Years before William deBuys became a renowned conservationist, award-winning author, Guggenheim Fellow and soon the first recipient of a statewide conservation award, he spent a lot of time studying local culture at Mel Patch Lounge in Española.
“You could hear the corner pocket [on the pool table] called in English, Spanish, Okie twang, Tewa, Navajo, you name it,” deBuys said. “Everybody went there.”
A Maryland kid, deBuys enjoyed New Mexico’s cultural diversity. But he was awestruck by the state’s landscape, so different from where he had grown up. “It seemed to me so powerful,” he said.
DeBuys moved to New Mexico after earning a degree in American studies and creative writing from the University of North Carolina. Ostensibly he was to be a research assistant to Dr. Robert Coles, a psychiatrist and Pulitzer Prize-winning author. “I was the world’s worst research assistant,” deBuys said.
DeBuys didn’t think he could help Coles with research on people unless he understood the land. So he wandered the mountains on horseback, learning about forest management, water challenges and the people living closest to the land.
After a stint in California learning carpentry, deBuys drafted his first book, Enchantment and Exploitation, based on his time in New Mexico. After graduate school at the University of Texas, he landed a job directing The Nature Conservancy in North Carolina.
A few years later, deBuys was back in New Mexico with a grant, living in the Sangre de Cristo Mountains on a farm with his family and working on his second book, River of Traps.
In New Mexico, he continued to do land conservation work with the Nature Conservancy and the Conservation Fund, helping property owners place their land in easements to protect it from development. He helped craft the land deal that became the Pecos National Historical Park and he coordinated a grazing cooperative that earned him a national land management award. He worked on conservation projects with Sen. Jeff Bingaman and former Sen. Pete Domenici back when it was easier to work across party lines. In 2000, DeBuys was appointed by then-President Bill Clinton to chair the first board of the newly acquired Valles Caldera National Preserve.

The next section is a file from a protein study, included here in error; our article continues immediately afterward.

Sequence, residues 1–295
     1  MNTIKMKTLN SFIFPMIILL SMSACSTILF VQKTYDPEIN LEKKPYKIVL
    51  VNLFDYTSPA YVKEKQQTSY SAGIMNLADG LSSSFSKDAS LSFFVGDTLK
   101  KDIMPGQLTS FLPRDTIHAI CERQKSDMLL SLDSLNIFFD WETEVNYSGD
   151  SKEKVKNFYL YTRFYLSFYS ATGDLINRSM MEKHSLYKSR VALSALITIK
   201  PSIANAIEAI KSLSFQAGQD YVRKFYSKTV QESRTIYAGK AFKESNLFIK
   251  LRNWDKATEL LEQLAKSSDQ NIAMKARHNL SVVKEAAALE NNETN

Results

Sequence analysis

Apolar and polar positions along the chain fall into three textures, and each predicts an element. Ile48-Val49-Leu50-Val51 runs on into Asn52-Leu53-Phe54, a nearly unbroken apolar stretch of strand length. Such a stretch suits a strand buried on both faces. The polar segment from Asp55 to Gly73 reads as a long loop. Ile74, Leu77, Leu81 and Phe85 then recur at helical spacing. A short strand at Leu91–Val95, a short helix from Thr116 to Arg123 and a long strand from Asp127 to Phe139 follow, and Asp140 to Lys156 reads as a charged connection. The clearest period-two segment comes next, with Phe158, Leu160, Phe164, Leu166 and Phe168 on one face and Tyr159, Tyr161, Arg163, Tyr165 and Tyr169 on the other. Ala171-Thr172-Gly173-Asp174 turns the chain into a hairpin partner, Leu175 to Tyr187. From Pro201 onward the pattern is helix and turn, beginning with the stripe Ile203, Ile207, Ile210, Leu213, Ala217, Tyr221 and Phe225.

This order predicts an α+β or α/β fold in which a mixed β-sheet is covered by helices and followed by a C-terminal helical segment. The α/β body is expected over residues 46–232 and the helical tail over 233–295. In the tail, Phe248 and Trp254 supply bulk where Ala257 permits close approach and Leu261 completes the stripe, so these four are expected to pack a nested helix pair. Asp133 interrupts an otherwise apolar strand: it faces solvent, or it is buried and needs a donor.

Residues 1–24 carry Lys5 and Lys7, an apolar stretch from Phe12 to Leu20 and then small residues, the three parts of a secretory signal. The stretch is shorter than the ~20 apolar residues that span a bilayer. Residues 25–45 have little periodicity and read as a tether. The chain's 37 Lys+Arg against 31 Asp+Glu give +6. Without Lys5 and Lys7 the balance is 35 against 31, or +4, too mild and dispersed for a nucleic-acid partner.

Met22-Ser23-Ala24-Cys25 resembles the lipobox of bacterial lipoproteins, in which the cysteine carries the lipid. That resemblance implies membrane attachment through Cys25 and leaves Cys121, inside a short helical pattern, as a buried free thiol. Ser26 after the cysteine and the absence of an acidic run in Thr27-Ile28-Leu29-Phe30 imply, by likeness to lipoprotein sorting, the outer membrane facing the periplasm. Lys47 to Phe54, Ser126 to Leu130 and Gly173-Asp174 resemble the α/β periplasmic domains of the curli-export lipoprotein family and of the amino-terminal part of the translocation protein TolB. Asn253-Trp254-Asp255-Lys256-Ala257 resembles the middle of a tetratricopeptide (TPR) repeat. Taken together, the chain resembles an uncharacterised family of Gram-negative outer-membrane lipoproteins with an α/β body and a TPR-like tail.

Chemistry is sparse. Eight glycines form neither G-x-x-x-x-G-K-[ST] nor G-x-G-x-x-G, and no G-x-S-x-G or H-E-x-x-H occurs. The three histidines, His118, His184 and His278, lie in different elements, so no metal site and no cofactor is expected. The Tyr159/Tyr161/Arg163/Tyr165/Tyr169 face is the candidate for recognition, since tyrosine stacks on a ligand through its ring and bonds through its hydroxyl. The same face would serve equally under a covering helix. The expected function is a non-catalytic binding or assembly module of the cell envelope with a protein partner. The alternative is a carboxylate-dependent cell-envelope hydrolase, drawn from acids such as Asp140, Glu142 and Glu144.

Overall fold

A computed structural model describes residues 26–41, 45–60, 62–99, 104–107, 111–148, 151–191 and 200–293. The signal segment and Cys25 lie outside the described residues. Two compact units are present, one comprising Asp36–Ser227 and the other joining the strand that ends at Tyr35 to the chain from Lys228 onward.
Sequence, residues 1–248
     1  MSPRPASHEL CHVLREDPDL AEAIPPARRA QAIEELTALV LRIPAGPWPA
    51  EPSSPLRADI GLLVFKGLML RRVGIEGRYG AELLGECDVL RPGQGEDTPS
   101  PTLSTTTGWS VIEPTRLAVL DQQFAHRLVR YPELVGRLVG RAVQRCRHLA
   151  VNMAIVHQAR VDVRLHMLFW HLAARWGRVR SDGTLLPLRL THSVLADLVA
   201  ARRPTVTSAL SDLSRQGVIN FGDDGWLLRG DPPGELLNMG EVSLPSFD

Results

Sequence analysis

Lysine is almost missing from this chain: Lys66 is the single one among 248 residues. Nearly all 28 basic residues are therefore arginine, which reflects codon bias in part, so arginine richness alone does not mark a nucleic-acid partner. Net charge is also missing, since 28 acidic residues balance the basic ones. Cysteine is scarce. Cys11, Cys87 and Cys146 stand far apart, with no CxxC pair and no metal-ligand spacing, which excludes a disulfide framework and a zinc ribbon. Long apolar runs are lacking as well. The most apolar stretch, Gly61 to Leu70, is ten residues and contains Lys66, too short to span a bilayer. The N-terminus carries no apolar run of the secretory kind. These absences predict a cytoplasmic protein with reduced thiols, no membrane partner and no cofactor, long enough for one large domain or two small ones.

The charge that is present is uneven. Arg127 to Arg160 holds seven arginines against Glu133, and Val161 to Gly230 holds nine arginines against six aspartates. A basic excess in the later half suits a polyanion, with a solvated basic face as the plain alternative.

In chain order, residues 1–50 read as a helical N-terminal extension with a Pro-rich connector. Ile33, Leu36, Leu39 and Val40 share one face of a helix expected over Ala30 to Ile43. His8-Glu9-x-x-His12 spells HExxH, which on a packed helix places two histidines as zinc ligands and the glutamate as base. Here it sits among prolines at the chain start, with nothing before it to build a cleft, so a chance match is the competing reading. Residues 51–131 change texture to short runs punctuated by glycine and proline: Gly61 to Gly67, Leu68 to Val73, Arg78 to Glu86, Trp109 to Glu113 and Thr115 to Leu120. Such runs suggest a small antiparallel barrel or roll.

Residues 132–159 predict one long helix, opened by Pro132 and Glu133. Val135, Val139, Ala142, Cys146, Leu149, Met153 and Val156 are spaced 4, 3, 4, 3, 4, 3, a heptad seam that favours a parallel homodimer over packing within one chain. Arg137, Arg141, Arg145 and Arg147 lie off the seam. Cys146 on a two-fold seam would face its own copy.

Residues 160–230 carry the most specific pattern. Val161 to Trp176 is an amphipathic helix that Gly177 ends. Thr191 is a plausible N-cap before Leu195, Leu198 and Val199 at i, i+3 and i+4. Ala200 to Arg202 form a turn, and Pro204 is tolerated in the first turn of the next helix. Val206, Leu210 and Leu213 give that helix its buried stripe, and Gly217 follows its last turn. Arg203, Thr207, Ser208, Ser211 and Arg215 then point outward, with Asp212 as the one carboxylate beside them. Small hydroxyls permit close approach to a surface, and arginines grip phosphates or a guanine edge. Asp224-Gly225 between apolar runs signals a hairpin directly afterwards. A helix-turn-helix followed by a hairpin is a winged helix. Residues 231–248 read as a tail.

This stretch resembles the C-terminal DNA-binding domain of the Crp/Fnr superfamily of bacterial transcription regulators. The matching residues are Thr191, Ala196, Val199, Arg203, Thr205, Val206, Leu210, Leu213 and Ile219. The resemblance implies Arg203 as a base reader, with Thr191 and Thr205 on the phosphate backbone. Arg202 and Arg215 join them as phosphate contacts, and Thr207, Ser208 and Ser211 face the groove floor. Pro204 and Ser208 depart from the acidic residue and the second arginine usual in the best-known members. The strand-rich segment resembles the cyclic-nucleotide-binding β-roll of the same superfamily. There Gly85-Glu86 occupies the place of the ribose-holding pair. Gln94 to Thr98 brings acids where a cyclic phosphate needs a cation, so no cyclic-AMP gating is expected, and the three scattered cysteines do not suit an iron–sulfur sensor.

DeBuys received the Guggenheim Fellowship in 2008 and called it “a life changer.” The money allowed him to take a break from his job teaching documentary studies at the College of Santa Fe to research and write A Great Aridness: Climate Change and the Future of the American Southwest.The book, published in 2011, explores the history of Western deserts and how a host of professionals, from wildland firefighters to water managers, deal with the dry landscape today.
“I’ve always wanted to write stories where the land was not just a stage where people acted out their dramas, but stories where the land is a character itself that shapes people,” he said. “In my work, I try to bear witness to the power and the influence of the planet on human affairs.”
DeBuys’ conservation career made him the top pick for the inaugural Jane Wing Petchesky Conservation Award from the New Mexico Land Conservancy. “We were looking for somebody who had a good solid track record of conservation in New Mexico,” said executive director Scott Wilber.
The award will be bestowed Friday, Oct. 12, during the conservancy’s 10th anniversary celebration and annual fundraiser. The award honors Jane Wing Petchesky, longtime advocate of open space and water conservation. She placed a conservation easement over her ranch in 2004, and in 2009 gave her ranch house to the conservancy to serve as the organization’s office. The conservancy has easements totalling more than 108,000 acres around the state, protecting ranches, farmland, historic sites and scenic open space from development.
DeBuys is at work on another book, The Last Unicorn, about the saola, one of the rarest mammals on earth, found only in a limited range of Laos and Vietnam. He said the pressures on endangered species like the saola, and on humans, are only beginning, if governments do not take serious action to adapt to climate change.
“If they don’t lead us, we’re going to be looking at a future where we won’t have forests and we won’t have near enough water to support the population or agriculture of the region,” deBuys said. “We’re looking at a true transformation of this region and other regions around the world. People really don’t understand the geopolitical stresses coming from climate change. It truly is the greatest challenge before mankind today.”
Contact Staci Matlock at 986-3055 or email@example.com. Follow her on Twitter @stacimatlock.